Your pregnancy with Caleb and mine with Aidan were similiar in some respects. I too had bleeding, every day, only mine started even earlier at 9 weeks. Looking back, I'm positive my water broke at 13 weeks and 5 days, only I thought it was the 'blood clot bleeding out' as per my Fetal Medicine Specialist (likely one of the best in the country). I went about the next few weeks thinking things would 'be okay'...but still passing blood (and now likely fluid) every day. Finally at 17 weeks I had the high risk pregnancy specialist do another ultrasound. They found a very abnormal placenta and minimal fluid volume. My ferning test was also negative. And there was absolutely nothing they could do. When it became clear that fluid volume was a big issue at 20 weeks, my husband and I even asked if they could do an amnio-infusion to try to replace the lost fluid. The high risk clinic I went to went so far as to ask people who were doing research on amnio infusions if they thought it would help, and they said there was almost no evidence that it could, or would. It might even cause me to go into labour.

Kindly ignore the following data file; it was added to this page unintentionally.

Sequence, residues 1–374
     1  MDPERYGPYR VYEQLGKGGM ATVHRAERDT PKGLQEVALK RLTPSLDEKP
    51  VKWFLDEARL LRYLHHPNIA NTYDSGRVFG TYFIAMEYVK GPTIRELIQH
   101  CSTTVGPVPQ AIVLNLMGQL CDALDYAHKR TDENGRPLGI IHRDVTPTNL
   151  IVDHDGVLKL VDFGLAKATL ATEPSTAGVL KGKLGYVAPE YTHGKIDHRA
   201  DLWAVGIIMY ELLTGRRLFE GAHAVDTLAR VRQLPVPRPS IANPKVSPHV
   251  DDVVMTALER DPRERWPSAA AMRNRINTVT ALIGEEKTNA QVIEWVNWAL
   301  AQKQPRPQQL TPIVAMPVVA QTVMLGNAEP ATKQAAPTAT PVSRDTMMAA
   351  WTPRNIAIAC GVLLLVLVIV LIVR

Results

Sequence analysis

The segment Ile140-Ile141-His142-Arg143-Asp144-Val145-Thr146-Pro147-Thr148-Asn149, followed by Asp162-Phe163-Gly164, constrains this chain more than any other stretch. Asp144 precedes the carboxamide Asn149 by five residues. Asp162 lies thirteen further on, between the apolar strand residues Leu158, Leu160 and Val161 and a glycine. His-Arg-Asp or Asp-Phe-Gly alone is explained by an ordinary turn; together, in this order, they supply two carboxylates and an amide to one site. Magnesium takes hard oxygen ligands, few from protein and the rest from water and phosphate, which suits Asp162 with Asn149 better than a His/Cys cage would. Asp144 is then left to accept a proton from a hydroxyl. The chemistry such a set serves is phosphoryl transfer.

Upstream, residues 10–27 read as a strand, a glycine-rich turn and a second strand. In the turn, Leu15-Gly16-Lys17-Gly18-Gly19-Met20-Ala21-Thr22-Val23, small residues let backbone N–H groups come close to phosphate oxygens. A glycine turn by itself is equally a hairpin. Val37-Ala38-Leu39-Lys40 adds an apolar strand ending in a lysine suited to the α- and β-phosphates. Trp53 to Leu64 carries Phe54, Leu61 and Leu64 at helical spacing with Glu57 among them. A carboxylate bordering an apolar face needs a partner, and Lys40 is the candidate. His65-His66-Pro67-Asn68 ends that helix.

I agree with you that your midwife might have wanted to send you for an ultrasound in the weeks that you were bleeding in your second trimester. Bleeding in the 2nd trimester is considered very abnormal. But based on my own experience with high risk maternal and fetal medicine specialist (best in the country!)...there is shit all anyone (even the best specialists in the world) can do when your water breaks that early. My specialist also wouldn't admit me to the hospital prior to viability. They said I was at a lower risk of infection on bed rest at home and taking prophilatic antibiotics could encourage the over growth of things like yeast.

    So yeah...I don't know if this helps or not...but I just wanted you to know what a fetal medicine specialist might have said to you if you'd presented to them at 18 weeks with a ruptured amniotic sac. Maybe things would have been different if you'd had an ultrasound earlier to look for the source of the bleeding...but maybe not. Neither midwifes nor OBs are gods...sometimes bad things just happen and there is nothing anyone can do about it.